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Physarum Sensor: Biosensor for Citizen Scientists

Periodic Reporting for period 1 - PhySense (Physarum Sensor: Biosensor for Citizen Scientists)

Reporting period: 2017-06-01 to 2018-08-31

Electrochemical biosensors currently dominate the field, but are focussed mainly on metabolite monitoring, while bio-affinity monitoring is carried out principally using optical techniques. However, both transducers find utility across the whole field, along with piezoelectric, thermometric, magnetic and micro-mechanical transducers. The emergence of semi-synthetic and synthetic receptors is yielding more robust, versatile and widely applicable sensors, while nano-materials are facilitating highly sensitive and convenient transduction of the resulting binding and catalytic events. Few if any sensoring devices incorporate living substrates because it is very difficult to keep the living substrate (e.g. micro-organisms, cell cultures, tissue) functioning in a non-sterile environment with a bandwidth of supporting devices. We proposed to develop a slime mould based sensor as the only ever marketable bio-sensor with living substrate which does not require sophisticated maintenance and can be operated by anyone.

Biosensor technology is based on a specific biological recognition element in combination with a transducer for signal processing. Since its inception, biosensors have been expected to play a significant analytical role in medicine, agriculture, food safety, homeland security, environmental and industrial monitoring. However, the commercialisation of biosensor technology has significantly lagged behind the research output as reflected by a plethora of publications and patenting activities. The rationale behind the slow and limited technology transfer could be attributed to cost considerations and some key technical barriers. Analytical chemistry has changed considerably, driven by automation, miniaturisation, and system integration with high throughput for multiple tasks. Such requirements pose a great challenge in biosensor technology which is often designed to detect one single or a few target analytes. Successful biosensors must be versatile to support interchangeable bio-recognition elements, and in addition miniaturisation must be feasible to allow automation for parallel sensing with ease of operation at a competitive cost. A significant upfront investment in research and development is a prerequisite in the commercialisation of biosensors. The progress in such endeavours is incremental with limited success, thus, the market entry for a new venture is very difficult unless a niche product can be developed with a considerable market volume.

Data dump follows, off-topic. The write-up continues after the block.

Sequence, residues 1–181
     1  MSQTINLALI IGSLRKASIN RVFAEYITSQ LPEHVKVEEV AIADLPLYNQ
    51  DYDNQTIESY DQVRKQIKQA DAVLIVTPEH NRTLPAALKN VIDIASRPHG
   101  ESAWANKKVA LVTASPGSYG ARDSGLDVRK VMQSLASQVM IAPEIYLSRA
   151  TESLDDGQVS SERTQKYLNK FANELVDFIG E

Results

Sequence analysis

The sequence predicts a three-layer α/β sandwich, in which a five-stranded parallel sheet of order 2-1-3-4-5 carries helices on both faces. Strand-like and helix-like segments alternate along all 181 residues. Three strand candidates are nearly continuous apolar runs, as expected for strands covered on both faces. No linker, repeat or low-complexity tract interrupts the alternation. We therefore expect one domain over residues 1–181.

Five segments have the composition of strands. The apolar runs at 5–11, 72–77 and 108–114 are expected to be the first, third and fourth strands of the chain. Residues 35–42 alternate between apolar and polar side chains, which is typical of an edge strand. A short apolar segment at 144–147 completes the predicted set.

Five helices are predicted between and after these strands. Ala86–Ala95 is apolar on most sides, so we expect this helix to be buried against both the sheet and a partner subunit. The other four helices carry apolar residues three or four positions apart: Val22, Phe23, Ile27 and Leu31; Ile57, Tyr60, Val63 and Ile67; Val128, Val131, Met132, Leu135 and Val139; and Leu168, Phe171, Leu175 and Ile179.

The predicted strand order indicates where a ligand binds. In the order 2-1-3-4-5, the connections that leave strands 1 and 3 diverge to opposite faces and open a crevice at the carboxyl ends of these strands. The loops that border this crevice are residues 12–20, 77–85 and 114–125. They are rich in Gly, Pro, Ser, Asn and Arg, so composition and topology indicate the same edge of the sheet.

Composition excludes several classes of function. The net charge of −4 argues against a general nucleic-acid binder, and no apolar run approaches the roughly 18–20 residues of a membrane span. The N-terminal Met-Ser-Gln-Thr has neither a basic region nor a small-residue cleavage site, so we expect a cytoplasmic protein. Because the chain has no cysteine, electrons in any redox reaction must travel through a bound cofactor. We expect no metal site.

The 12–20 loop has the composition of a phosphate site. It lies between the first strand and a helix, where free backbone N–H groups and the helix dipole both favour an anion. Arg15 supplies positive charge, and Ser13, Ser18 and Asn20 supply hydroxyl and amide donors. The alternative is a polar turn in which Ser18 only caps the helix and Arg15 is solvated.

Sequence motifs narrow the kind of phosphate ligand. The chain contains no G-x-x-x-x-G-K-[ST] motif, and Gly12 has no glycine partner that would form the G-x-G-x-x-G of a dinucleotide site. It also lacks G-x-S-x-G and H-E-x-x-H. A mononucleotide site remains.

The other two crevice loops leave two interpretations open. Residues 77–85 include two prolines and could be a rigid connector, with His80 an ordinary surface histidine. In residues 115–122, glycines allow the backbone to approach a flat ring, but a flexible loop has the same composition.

Our goal was to manufacture, market and support open source an open hardware very low cost universal (chemical, tactile, optical) bio-sensor incorporating easy-to-maintain living substrate -- slime mould Physarum polycephalum. The Physarum sensors is based on exhaustive analysis of the slime mould oscillatory activity in PhyChip project. The goal was achieved via the following measurable objectives:
(1) Pre-production prototype, (2) Field trial with typical operators, (2) Robust data set in the matrices of interest.